Gymnemic acids have been reported to inhibit the intestinal absorption of glucose in human and rats. (11) A laboratory animal study reported that gymnemic acid inhibited the absorption of oleic acid in intestine of rats, being dose dependent and reversible. (12) These findings are important in the roles of gymnemic acid in therapy of diabetes mellitus and obesity.Animal studies reported that gymnema has a role in triglyceride esters by inhibiting the absorption of oleic acid in small intestine. It is also reported that gymnema restricts the genetic obesity by improving the metabolism of cholesterol and preventing excessive eating. (31)

      Human studies have reported a significant reduction in blood glucose during therapy with gymnema. (13) , (14) A reduction in glycosylated hemoglobin and glycosylated plasma proteins has also been reported, with a reduction in conventional drug dosage. In studies performed in India, patients with Type 2 diabetes were able to discontinue conventional drugs and maintain their blood glucose homeostasis with gymnema alone. (15) Researchers suggest that beta cells may be regenerated and/or repaired in Type 2 diabetics on gymnema supplementation. (16) They support their claim by the appearance of increased endogenous insulin levels in the serum of individuals after gymnema supplementation. As stated earlier, studies have reported that gymnemic acids suppress the elevation of blood glucose levels by inhibiting glucose uptake in the intestine. (17)

      Gymnema has also been reported to selectively suppress the neural responses to sweet taste stimuli. (18) , (19) , (20) Because gymnema leaf powder has an anesthetizing effect on the taste buds which can last for several hours, some researchers feel that gymnema may be a potential agent in weight reduction and sweet cravings. (21) However, after long-term use of gymnema (greater than 2 weeks), the sweet craving response may be reversed due to the induction of salivary gurmarin-binding proteins. (22) Gymnema may potentially be used in athletes to develop a higher ratio of lean muscle mass to body fat. This may be due to the reported increase of insulin output associated with long-term use of gymnema. Increased insulin output and utilization encourages the uptake of amino acids into muscle tissue. Another study found that gymnema was effective and safe for the reduction of excess weight, BMI and also promoted healthy blood lipid levels. (23)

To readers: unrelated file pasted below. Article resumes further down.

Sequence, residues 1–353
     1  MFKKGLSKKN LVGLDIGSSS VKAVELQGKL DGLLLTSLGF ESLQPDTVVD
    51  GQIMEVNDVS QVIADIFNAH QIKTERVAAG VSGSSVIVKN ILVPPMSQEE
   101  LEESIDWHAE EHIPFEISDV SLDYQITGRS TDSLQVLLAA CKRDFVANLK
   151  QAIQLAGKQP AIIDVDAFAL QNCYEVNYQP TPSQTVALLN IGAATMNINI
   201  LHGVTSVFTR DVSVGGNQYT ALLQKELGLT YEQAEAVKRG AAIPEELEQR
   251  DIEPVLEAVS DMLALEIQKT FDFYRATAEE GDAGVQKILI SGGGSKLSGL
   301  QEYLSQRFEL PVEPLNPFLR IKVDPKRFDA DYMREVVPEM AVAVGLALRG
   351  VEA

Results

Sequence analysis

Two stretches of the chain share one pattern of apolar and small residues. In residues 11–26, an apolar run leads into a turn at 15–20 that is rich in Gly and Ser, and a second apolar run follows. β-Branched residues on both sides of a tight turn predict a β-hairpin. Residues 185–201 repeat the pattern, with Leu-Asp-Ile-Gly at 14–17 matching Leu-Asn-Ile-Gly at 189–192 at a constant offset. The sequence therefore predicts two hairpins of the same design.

Gymnema was reported to have antioxidant ability by inhibition of free radical and LDL oxidation in human body that is greater than green tea but lower effect with barley tea. This ability is able to reduce the formation of macrophages that can prevent atherosclerosis which can lead to failure of coronary circulation. (32)

      Studies reported that gymnema can be used as a great potential antimicrobial activity due to its saponin constitutent.  When tested with other antibiotics, results reported that gymnema is specifically effective on Gram negative bacteria and as potent as Chloramphenicol. Apart from that, it was reported that gymnema’s antifungal activity is three times more than fungicide Amphotericin-B. (33)

      References